2.2 Coffee paste smeared on kitchen towel with a dropper. Again this did not disperse quickly with water, but made very interesting chromatography-type dispersal tones when more paste and water were dripped on. It was also quite interesting when the towel split. When colour edited in Lightroom, this produced a quite vivid fleshy blood effect that could have been enhanced by covering the whole towel. It is the delicate tonal gradation that is interesting, and the way it changes with animation.
2.3 Coffee paste smeared on aluminium foil with a dropper. This made quite interesting reticulated textures with water and gravity. Addition of washing up liquid also made interesting images – almost the basis for stories that could be worked over in eg TVPaint. When colour edited in Lightroom, this produced a vivid blood spill effect. It is the consistency that seems important, not the original colour.

3: Jerk spice

Finally I tried an old out-of-date jar of jerk spice – a much more sand-like version of the coffee granules that dissolved a bit, but not significantly in water. I sprinkled these on and then added water. These were the least interesting because they did not really interact with the surfaces at all. Nor did sprinkling produce clear letters. This was more difficult to do than I expected.

But what proved a bit interesting was the final experiment on aluminium foil and the marks incised into the foil and the way they were slightly emphasised by the colour of the jerk water and added texture of the spice grains. This could be enhanced with colour and texture adjustments in Lightroom to produce vivid colours and contrasts between the grains and more sticky paste that coagulated around them, and the surface. This is something I could experiment with a bit more deliberately with animation.

3.1 Jerk spice made into a textured water paste, spinkled onto the chopping board with my fingers, then more dry spice sprinkled on. Sprinkling letters at this size with my fingers proved much more difficult than In expected. And did not produce very interesting results.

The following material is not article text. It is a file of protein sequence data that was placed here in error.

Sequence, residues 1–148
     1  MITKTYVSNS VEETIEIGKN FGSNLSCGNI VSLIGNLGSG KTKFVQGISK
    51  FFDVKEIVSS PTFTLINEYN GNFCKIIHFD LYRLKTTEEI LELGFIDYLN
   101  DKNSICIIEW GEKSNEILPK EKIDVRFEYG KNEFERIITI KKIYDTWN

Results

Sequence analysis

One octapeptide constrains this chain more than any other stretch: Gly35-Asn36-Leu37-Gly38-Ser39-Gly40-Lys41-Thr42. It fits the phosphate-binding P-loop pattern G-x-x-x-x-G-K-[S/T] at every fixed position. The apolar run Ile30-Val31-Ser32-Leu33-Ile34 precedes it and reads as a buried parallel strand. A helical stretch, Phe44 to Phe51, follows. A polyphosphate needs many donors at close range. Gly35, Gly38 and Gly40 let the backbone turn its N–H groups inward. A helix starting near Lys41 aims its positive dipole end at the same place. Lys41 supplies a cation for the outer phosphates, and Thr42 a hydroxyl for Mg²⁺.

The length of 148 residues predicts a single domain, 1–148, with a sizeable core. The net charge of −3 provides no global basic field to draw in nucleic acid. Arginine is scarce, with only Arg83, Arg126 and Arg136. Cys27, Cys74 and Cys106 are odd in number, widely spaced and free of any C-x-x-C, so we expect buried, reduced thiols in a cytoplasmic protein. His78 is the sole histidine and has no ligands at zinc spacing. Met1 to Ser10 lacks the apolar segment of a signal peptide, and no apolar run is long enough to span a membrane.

A colour-processed version in Lightroom was more interesting with its very contrasting textures between the grains and the coloured water paste.
3.2 Jerk spice on kitchen towel following the same process. This was pretty unsuccessful on all counts and did not produce very interesting results.

But experimenting with colour and texture processing in Lightroom did produce some quite interesting results where the contrast between the grain and the tissue paper enabled interesting colours and marble effects.

3.3 Jerk spice on aluminium foil following the same process. What proved a bit interesting was the final experiment on aluminium foil and the marks incised into the foil and the way they were slightly emphasised by the colour of the jerk water and added texture of the spice grains.

When sharpening, texture and colour contrasts were put to their maximum in LIghtroom this did produce a quite interesting Brakage-style effect that I could explore further retaining the texture contrasts, but altering the colours in Premiere.

Previous material experiments

Book Design

For my final Book Design project this was the main focus of the final assignment: A to Z from Armageddon where I explore use of different materials beginning with each letter of the alphabet, composited in Photoshop.See particularly images and links below:

This did not work very well as a book concept, but could work better as part of an animation, or animating the process itself. For example processes of smearing and treacle dripping with gravity, movement ot the jam and jelly and the different reflections of light on the metallic paper.

Letter G using grease, graphite and glue

Letter J creating images from
jelly and jam in jade colour
Letter M compositing images from light
on Metallic Paper.

Letter T using treacle and tissue paper

lllustration and printmaking experiments

I also experimented with glue, ink, watercolour, gouache and water-based inks on paper, tile, glass and perspex. Some of the images themselves could be animated and layered digitally using warping, blending and/or making puppets. I would also like to experiment with stop motion animation of the media being applied and/or dripping with gravity and/or changing colour and texture in drying. Working on glass, tiles or perspex plates gives particularly vibrant colours and interesting marbling that can be manipulated for a long time.

Glue and Charcoal: Octavia

Water-based printing ink on tiles and glass

Dipped ink printed on paper

Gouache with dripped water
left to dry on tile

Gouache diluted with water
blotted between sheets of paper

dripped on paper

layered and blended in Procreate